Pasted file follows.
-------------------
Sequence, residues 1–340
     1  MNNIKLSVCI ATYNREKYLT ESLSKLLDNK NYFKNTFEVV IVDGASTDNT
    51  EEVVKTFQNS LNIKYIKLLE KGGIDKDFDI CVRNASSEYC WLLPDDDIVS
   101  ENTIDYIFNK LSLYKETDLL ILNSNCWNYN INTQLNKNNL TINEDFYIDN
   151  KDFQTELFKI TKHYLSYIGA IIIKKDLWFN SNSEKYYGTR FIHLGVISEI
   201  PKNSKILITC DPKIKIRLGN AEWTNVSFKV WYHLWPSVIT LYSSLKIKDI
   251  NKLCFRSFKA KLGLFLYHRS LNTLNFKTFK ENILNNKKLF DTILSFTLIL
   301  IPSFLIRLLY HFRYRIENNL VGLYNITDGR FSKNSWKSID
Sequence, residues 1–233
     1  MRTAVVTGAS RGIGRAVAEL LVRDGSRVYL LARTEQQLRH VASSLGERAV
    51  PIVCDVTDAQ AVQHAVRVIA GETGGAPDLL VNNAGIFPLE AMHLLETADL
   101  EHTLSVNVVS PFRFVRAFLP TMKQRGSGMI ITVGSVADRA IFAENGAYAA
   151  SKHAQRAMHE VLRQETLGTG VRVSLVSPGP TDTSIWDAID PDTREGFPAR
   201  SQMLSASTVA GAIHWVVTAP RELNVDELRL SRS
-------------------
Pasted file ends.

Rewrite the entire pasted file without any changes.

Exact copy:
Sequence, residues 1–340
     1  MNNIKLSVCI ATYNREKYLT ESLSKLLDNK NYFKNTFEVV IVDGASTDNT
    51  EEVVKTFQNS LNIKYIKLLE KGGIDKDFDI CVRNASSEYC WLLPDDDIVS
   101  ENTIDYIFNK LSLYKETDLL ILNSNCWNYN INTQLNKNNL TINEDFYIDN
   151  KDFQTELFKI TKHYLSYIGA IIIKKDLWFN SNSEKYYGTR FIHLGVISEI
   201  PKNSKILITC DPKIKIRLGN AEWTNVSFKV WYHLWPSVIT LYSSLKIKDI
   251  NKLCFRSFKA KLGLFLYHRS LNTLNFKTFK ENILNNKKLF DTILSFTLIL
   301  IPSFLIRLLY HFRYRIENNL VGLYNITDGR FSKNSWKSID
Sequence, residues 1–233
     1  MRTAVVTGAS RGIGRAVAEL LVRDGSRVYL LARTEQQLRH VASSLGERAV
    51  PIVCDVTDAQ AVQHAVRVIA GETGGAPDLL VNNAGIFPLE AMHLLETADL
   101  EHTLSVNVVS PFRFVRAFLP TMKQRGSGMI ITVGSVADRA IFAENGAYAA
   151  SKHAQRAMHE VLRQETLGTG VRVSLVSPGP TDTSIWDAID PDTREGFPAR
   201  SQMLSASTVA GAIHWVVTAP RELNVDELRL SRS